Sometimes, actually often, it can become discouraging looking at how many battles must be fought to ensure our schools continue to teach good science; listening to all the politicians expressing their ignorance of science by expressing doubts about evolution; and seeing all the letters and forum responses from those who let their religion totally blind their ability to reason and fairly judge evidence. 

For example, consider these quotes from various prominent politicians:

“There are clear indications from our people who have amazing intellectual capability that this didn’t happen by accident and a creator put this in place,”

“Now, what was his time frame and how did he create the earth that we know? I’m not going to tell you that I’ve got the answers to that,” Perry said. “I believe that we were created by this all-powerful supreme being and how we got to today versus what we look like thousands of years ago, I think there’s enough holes in the theory of evolution to, you know, say there are some holes in that theory.”  Governor and Presidential candidate Rick Perry

and

“[Schmidt] knew my position: I believed in the evidence for microevolution – that geologic and species change occurs incrementally over time. But I didn’t believe in the theory that human beings – thinking, loving beings – originated from fish that sprouted legs and crawled out of the sea. Or that human beings began as single-celled organisms that developed into monkeys who eventually swung down from trees; I believed we came about through a random process, but were created by God.

“But your dad’s a science teacher,” Schmidt objected.

“Yes.”

“Then you know that science proves evolution,” added Schmidt.

“Parts of evolution,” I said.

“But I believe that God created us and also that He can create an evolutionary process that allows species to change and adapt.”

Schmidt winced and raised his eyebrows. In the dim light, his sunglasses shifted atop his head. I had just dared to mention the C-word: creationism. But I felt I was on solid factual ground.”  From “Going Rogue“ by Sarah Palin, conservative commentator (definitely) and Republican Presidential Candidate (who knows).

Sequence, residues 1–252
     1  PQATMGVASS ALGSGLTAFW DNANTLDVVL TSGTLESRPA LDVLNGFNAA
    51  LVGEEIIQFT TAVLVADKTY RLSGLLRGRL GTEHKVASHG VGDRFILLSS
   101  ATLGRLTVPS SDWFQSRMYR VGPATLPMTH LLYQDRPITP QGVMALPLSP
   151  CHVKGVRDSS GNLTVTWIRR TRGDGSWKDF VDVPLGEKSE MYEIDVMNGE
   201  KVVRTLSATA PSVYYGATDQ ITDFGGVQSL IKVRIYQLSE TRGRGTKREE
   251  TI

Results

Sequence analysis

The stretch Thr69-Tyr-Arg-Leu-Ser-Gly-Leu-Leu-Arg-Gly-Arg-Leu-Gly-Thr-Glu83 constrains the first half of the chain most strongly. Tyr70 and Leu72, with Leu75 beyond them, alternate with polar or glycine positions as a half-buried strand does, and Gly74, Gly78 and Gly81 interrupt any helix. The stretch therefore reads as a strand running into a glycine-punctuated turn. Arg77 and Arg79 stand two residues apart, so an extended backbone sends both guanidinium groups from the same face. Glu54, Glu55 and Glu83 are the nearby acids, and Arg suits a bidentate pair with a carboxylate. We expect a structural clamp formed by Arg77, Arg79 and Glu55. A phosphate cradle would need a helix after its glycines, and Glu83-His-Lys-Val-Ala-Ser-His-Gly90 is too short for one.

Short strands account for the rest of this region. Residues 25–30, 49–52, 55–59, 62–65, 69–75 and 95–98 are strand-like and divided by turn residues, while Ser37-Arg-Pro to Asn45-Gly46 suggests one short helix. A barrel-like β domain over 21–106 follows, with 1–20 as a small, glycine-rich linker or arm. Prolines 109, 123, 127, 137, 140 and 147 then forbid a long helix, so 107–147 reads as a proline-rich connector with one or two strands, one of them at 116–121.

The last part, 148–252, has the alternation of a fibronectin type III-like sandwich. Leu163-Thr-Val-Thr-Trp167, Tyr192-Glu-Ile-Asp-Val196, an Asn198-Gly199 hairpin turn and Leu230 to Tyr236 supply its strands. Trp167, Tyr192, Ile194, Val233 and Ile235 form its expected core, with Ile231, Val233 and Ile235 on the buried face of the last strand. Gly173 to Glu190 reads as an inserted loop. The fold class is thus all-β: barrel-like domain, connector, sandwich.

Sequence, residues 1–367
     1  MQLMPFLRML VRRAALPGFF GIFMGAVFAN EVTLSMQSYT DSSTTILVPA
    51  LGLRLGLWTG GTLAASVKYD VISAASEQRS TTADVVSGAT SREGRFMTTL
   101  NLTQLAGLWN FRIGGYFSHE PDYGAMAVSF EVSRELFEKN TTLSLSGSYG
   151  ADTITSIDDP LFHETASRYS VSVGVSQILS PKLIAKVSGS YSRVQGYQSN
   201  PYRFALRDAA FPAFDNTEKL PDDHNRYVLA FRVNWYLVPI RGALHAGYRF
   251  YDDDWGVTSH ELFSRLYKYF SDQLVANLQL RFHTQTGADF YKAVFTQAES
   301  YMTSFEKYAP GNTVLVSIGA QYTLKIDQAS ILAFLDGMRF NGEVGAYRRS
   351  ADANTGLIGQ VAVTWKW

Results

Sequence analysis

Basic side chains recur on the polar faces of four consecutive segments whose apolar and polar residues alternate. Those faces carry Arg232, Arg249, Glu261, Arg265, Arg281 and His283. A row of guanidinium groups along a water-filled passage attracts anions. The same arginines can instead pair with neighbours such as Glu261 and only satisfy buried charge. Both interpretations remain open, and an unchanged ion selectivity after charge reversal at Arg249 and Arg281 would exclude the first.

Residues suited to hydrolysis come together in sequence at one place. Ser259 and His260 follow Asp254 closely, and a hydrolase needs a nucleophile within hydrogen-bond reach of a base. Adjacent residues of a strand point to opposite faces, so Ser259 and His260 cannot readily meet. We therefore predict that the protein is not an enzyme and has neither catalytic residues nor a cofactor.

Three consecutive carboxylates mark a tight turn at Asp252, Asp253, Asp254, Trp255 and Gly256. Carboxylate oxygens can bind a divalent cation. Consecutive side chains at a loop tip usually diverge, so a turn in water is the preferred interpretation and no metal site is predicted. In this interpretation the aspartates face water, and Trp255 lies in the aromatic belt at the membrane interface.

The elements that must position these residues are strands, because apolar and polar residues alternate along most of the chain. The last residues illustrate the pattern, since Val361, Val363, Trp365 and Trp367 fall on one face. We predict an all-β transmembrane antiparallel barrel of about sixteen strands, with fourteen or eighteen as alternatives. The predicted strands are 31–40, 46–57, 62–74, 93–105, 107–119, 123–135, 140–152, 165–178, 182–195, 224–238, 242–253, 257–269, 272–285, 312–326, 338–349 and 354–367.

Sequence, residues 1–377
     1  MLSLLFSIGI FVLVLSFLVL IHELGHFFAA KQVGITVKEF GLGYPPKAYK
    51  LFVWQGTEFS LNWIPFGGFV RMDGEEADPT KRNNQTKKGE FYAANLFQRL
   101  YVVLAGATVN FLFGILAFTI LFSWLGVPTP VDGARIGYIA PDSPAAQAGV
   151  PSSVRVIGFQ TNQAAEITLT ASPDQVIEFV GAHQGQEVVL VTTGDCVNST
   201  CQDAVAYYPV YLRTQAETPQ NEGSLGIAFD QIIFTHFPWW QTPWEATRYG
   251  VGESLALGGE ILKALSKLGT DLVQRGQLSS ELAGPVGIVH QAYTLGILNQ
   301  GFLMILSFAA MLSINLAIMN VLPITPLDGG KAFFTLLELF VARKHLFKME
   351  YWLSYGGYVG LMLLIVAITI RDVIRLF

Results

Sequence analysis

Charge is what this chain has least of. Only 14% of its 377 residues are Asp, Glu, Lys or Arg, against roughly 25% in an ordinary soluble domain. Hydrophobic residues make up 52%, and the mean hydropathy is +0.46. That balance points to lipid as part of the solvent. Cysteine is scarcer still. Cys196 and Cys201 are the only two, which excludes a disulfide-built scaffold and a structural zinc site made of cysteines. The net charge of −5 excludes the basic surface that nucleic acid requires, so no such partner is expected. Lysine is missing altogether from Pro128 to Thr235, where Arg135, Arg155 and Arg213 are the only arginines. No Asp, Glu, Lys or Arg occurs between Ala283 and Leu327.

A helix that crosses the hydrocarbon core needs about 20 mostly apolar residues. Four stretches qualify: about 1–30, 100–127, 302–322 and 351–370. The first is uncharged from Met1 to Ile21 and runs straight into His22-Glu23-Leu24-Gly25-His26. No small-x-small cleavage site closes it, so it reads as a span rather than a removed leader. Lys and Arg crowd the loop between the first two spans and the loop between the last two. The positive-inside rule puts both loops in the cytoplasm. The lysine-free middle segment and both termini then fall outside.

I know that I have quoted Republican and conservatives here for my examples, the reason being is that they have the largest numbers of creationists.  However they do not have the exclusive franchise on creationism. 

According to a 2008 Gallup poll, 38% of Democrats also believe that God created the world and all that is in it only 10,000 years ago.   Independents come in at 40%.  Overall almost 40% of Americans are creationists.

This can be readily seen in the many attempts to sneak the teaching of creationism into our public schools.  Every time we review biology textbooks in Texas creationists try to supplant evolution with creationism or at the very least get both taught as if they are both scientifically valid.  And this is just not a Texas thing.

In 2011 so far there have been at least 11 anti-evolution bills presented in various state legislatures.  This includes the states of New Hampshire (actually had to anti-evolution bills submitted), Missouri, Florida, Tennessee, New Mexico, Alabama, Kentucky,  Texas, and Oklahoma (another with two anti-evolution bills submitted).  Louisiana actually passed an anti-evolution bill and so far it has not been repealed. 

And this doesn’t even consider all the creationist activity happening at the local level – school districts, individual schools or even individual teachers. 

So much determined ignorance is enough to make one discouraged at times. 

But then this comes along – a light piercing the gloom of my discouragement.

Believe it or not my good news came from a Christian radio station.  In fact it came from Ken Ham, the President/CEO and founder of Answers in Genesis.   

He and the host interviewing him were lamenting on the sad state of Christian Colleges.  They went on and on about how good Christian families are sending their children to these colleges expecting them to receive a good Christian education and instead find them being taught things that are totally unbiblical. 

Apparently Mr. Ham had a hunch about this and hired the Beemer’s  American Research Group to do a survey of 90 American Christian colleges associated with the Council for Christian Colleges and Universities and who require their professors to sign a personal statement of faith.  In addition over 100 more Christian colleges that were associated with a religious denomination were also surveyed.   What he found shocked him and delighted me.

While most of these college said the right words in their literature – the Bible is the inspired word of God, it is foundational, etc. when they probed further they discovered that their definitions and interpretations of these words differed from that of Ken Ham and many conservative Christians. 

What I found very interesting is that these differences are not apparent in the teachings of the New Testament.  On that these colleges and Mr. Ham basically agreed.  However the problem came in when they taught science and taught about Genesis.    The great majority of these Christian colleges taught an old earth and evolution as science – NOT a young earth creationism!